American novelist and historian Harry Turtledove's rich and respected past has paved the course for many future authors to come. The House of Daniel tells the story of Jack Spivey, hired by shady suspect Big Stu, to not kill, but "send a loud and clear message" to a certain innocent target. Once given the opportunity, Spivey's decision to forfeit the deed sends him to the only exit to freedom he can find...baseball. Written with the educated tongue of Major League Baseball jargon, and sprinkled with the familiar sharp wit of Turtledove's fantasy expertise, this is a home run that readers will enjoy.
From Harry Turtledove, “the Master of Alternate History,” comes a tale of minor league baseball set in an alternate Great Depression America full of wild magic
Since the Big Bubble popped in 1929, life in the United States hasn't been the same. Hotshot wizards will tell you nothing's really changed, but then again, hotshot wizards aren't looking for honest work in Enid, Oklahoma. No paying jobs at the mill, because zombies will work for nothing. The diner on Main Street is seeing hard times as well, because a lot fewer folks can afford to fly carpets in from miles away.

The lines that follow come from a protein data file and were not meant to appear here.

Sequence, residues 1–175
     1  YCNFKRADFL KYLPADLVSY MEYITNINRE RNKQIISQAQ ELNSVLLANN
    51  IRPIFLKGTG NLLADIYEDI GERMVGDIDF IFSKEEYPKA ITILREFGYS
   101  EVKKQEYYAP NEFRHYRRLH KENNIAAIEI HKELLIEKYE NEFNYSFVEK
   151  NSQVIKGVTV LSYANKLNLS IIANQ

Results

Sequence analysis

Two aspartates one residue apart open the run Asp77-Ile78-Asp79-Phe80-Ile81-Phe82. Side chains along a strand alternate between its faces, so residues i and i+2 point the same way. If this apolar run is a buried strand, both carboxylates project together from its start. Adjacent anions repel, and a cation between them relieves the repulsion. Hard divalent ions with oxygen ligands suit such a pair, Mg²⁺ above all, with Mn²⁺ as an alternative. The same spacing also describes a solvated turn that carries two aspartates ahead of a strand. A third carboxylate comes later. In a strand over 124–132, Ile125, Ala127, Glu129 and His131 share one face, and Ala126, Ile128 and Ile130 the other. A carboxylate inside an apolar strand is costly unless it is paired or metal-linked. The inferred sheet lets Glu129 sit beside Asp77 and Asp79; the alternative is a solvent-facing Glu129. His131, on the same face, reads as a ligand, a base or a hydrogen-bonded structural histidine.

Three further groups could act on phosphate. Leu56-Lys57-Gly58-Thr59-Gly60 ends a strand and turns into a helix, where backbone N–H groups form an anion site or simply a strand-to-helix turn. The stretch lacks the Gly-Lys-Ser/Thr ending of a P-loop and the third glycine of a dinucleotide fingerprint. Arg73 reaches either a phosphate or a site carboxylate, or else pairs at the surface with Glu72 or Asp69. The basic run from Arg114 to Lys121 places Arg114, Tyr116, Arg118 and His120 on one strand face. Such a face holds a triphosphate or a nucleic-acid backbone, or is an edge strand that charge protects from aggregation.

Jack Spivey's just another down-and-out trying to stay alive, doing a little of this and a little of that. Sometimes that means making a few bucks playing ball with the Enid Eagles, against teams from as many as two counties away. And sometimes it means roughing up rival thugs for Big Stu, the guy who calls the shots in Enid.
But one day Jack knocks on the door of the person he's supposed to "deal with”—and realizes that he's not going to do any such thing to the young lady who answers. This means he needs to get out of the reach of Big Stu, who didn't get to where he is by letting defiance go unpunished.
Then the House of Daniel comes to town—a brash band of barnstormers who'll take on any team, and whose antics never fail to entertain. Against the odds Jack secures a berth with them. Now they're off to tour an America that's as shot through with magic as it is dead broke. Jack will never be the same—nor will baseball.
"The House of Daniel is pitch perfect. Harry Turtledove crafts a richly detailed portrait of barnstorming baseball in the 1930s, stitches it around a supernatural orb, and smashes this quintessential American story over the fence for a home run. Read it!” —Scott Simkus, author of Outsider Baseball: The Weird World of Hardball on the Fringe (1876—1950)
"In a loving callback to the early days of a quintessential American sport, Turtledove (We Install and Other Stories) takes readers on a scenic tour of the highways and byways of an alternate United States in 1934...ideal for baseball lovers.” —Publishers Weekly
"Turtledove has proved he can divert his readers to astonishing places...I know I'd follow his imagination almost anywhere.” —San Jose Mercury News